DonWin

Member
Joined
Jan 17, 2007
Posts
5
Glad I found my way here. Got a lot of good info and expect I'll find some more here. Sounds like the old joke -- How do you make a small fortune in racing? Start with a big one!

I thought the diesel versus gas debate was generally settled in favor of diesel for a long term, full time home. I understood diesel was less expensive in the long run despite extra cost at the pump due to the increased milage and decreased maintenance. Is that not true? Also was wondering about the dolly versus open trailer versus closed trailer for the dinghy.

Certainly going to give the experience a try through a rental before I buy one but I am sure I'm going to find out some things won't work out the way I originally plan when I finally do make a purchase. I guess I can expect to make at least a pair of purchases before I work through the rookie mistakes.

Anyway, I appreciate everyone's help and suggestions. Still learning what I don't presently know to ask. Fortunately, I have time to continue to research and plan to do so. Thanks to everybody.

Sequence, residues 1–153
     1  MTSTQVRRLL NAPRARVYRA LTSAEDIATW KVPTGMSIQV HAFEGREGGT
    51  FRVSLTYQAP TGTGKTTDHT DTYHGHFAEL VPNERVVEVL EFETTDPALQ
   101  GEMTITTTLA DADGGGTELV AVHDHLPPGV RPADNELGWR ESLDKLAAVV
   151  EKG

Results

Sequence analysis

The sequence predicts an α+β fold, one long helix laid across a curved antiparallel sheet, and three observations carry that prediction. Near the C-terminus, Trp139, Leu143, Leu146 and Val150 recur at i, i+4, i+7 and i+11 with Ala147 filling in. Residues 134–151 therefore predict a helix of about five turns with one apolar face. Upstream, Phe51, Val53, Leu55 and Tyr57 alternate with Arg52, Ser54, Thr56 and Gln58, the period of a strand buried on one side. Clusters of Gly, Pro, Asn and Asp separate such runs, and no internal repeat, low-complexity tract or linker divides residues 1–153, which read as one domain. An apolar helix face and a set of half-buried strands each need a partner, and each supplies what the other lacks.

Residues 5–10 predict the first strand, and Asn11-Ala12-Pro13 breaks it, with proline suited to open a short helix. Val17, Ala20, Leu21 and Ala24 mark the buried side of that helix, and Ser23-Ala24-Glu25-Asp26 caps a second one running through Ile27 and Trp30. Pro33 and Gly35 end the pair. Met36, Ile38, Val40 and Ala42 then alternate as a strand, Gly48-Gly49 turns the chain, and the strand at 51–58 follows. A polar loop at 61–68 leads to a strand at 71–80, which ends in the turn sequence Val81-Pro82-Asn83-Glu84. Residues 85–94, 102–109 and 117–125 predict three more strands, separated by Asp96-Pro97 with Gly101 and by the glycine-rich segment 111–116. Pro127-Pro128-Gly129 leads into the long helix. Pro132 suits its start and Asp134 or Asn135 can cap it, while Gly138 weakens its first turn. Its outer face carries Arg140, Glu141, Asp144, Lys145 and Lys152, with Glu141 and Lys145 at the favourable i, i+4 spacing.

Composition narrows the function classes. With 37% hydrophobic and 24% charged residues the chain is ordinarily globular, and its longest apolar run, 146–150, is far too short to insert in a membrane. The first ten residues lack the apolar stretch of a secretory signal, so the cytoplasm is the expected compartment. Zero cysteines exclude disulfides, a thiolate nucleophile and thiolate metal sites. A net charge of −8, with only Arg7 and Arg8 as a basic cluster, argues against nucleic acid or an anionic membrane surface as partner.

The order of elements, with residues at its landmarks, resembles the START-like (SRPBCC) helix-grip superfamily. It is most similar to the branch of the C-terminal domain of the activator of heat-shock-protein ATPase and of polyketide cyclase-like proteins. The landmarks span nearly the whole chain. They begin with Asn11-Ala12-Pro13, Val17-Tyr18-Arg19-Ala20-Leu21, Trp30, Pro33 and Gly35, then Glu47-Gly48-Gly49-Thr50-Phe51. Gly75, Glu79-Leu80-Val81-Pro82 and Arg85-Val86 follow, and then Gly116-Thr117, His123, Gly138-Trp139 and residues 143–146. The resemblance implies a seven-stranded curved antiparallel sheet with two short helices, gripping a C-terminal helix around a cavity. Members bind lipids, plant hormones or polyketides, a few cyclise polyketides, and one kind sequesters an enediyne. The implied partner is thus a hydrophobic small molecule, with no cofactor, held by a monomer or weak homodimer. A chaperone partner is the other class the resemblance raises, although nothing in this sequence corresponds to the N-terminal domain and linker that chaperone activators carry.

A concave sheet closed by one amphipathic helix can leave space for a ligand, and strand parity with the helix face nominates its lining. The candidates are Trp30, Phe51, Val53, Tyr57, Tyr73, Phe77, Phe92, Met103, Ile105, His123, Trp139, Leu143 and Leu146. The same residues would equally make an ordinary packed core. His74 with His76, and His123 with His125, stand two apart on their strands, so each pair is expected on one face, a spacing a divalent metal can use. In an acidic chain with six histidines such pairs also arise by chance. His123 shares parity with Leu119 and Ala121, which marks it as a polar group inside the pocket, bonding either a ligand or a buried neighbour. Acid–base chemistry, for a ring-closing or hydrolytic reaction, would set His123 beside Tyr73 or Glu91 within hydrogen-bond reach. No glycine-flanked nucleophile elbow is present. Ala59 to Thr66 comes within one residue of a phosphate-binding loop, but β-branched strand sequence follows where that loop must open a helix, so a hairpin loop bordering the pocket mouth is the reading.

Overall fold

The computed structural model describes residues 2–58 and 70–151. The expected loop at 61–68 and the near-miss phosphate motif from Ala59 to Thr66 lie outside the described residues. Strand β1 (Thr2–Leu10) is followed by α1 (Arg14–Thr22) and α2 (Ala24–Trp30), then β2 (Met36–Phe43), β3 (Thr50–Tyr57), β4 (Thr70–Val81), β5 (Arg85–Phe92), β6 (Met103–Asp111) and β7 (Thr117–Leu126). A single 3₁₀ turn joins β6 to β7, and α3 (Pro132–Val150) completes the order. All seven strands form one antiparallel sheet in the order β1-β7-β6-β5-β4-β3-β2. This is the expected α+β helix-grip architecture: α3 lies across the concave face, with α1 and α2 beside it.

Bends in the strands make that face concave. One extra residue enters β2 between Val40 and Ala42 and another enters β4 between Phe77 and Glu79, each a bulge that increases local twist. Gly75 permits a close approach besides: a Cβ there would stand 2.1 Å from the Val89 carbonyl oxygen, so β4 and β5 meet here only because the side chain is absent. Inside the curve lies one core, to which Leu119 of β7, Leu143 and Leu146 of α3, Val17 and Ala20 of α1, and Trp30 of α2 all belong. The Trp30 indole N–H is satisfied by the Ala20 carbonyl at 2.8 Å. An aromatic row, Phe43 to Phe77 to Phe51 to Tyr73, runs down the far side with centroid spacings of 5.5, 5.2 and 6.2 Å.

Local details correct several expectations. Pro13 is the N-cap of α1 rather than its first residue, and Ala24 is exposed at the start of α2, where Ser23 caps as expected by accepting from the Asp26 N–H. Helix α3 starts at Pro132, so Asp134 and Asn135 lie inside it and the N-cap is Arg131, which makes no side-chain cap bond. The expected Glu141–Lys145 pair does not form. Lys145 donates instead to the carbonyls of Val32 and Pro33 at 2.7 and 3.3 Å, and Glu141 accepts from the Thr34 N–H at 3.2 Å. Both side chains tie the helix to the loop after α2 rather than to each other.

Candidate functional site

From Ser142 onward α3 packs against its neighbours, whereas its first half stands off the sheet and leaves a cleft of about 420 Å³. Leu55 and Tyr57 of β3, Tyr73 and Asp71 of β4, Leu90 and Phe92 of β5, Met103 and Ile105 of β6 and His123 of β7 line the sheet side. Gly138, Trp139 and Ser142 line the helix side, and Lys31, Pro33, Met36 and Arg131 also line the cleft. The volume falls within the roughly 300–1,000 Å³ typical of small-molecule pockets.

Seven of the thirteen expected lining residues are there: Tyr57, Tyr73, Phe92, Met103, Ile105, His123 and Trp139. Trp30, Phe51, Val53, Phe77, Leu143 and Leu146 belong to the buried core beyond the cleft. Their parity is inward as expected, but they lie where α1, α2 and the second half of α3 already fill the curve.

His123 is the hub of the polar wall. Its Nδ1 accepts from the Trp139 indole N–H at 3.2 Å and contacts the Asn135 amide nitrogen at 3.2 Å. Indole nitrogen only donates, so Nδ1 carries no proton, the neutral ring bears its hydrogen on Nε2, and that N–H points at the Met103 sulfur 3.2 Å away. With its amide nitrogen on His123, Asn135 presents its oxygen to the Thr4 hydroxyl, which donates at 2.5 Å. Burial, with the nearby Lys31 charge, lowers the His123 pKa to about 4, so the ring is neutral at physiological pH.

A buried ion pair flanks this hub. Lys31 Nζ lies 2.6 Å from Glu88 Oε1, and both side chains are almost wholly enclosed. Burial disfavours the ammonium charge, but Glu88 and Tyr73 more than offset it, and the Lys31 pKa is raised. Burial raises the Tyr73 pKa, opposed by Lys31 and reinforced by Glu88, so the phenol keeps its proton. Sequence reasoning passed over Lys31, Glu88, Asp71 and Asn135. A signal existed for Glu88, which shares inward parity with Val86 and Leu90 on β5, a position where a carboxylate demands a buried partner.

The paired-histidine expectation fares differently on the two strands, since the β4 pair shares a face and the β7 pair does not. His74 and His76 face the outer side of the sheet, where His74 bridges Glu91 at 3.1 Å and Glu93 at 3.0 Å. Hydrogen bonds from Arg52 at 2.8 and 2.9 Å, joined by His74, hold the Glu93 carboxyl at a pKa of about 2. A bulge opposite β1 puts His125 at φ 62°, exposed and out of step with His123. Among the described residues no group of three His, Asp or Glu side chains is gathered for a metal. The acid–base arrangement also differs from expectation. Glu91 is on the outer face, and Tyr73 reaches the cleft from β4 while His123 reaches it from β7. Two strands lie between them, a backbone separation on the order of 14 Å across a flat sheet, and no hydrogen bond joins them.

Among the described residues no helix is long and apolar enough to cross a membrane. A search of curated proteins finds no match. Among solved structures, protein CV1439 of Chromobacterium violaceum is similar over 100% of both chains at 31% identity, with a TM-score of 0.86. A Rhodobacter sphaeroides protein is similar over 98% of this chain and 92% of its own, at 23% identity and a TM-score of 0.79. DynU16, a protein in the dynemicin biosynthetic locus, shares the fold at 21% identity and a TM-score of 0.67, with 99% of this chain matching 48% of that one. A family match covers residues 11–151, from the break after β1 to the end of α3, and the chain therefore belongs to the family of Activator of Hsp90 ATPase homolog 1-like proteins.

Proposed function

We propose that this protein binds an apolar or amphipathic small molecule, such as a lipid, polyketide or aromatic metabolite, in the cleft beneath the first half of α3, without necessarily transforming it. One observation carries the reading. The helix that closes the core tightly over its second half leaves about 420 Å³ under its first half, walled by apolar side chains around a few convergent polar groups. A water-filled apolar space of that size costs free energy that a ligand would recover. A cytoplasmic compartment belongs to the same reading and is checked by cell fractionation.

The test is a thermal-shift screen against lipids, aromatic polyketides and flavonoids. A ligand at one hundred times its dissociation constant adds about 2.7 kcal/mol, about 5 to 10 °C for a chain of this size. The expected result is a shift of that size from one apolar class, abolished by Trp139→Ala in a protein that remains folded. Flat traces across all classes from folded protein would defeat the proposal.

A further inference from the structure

Ned

Moderator Emeritus
Joined
Feb 1, 2005
Posts
25,107
Location
USA
Those debates will never be over :)  Many think that their way is the best way, but the truth is everyone's situation is different and each of us has to make decisions that best suit us.  The gas vs. diesel question has no clear cut answer, even less so today as the high end gas chassis are competitive withe the smaller diesel chassis.  We can only give you guidance in these areas and relate our experiences, but the ultimate decision will always be yours based on your preferences.

You can start your research using our extensive library, then as you come up with specific questions, ask away.
 

roxelle

Member
Joined
Aug 26, 2006
Posts
6
I would like to know which rv resort  won resort of the year for 2005 and 2006 (By nat. assn. of rv resorts and campgrounds)
 

Ned

Moderator Emeritus
Joined
Feb 1, 2005
Posts
25,107
Location
USA
The web site for the National Association of RV Parks and Campgrounds is here.  Perhaps a look around there might turn up the information.
 

Ned

Moderator Emeritus
Joined
Feb 1, 2005
Posts
25,107
Location
USA
Perhaps they don't issue an award.  I would expect them to have a press release if they did.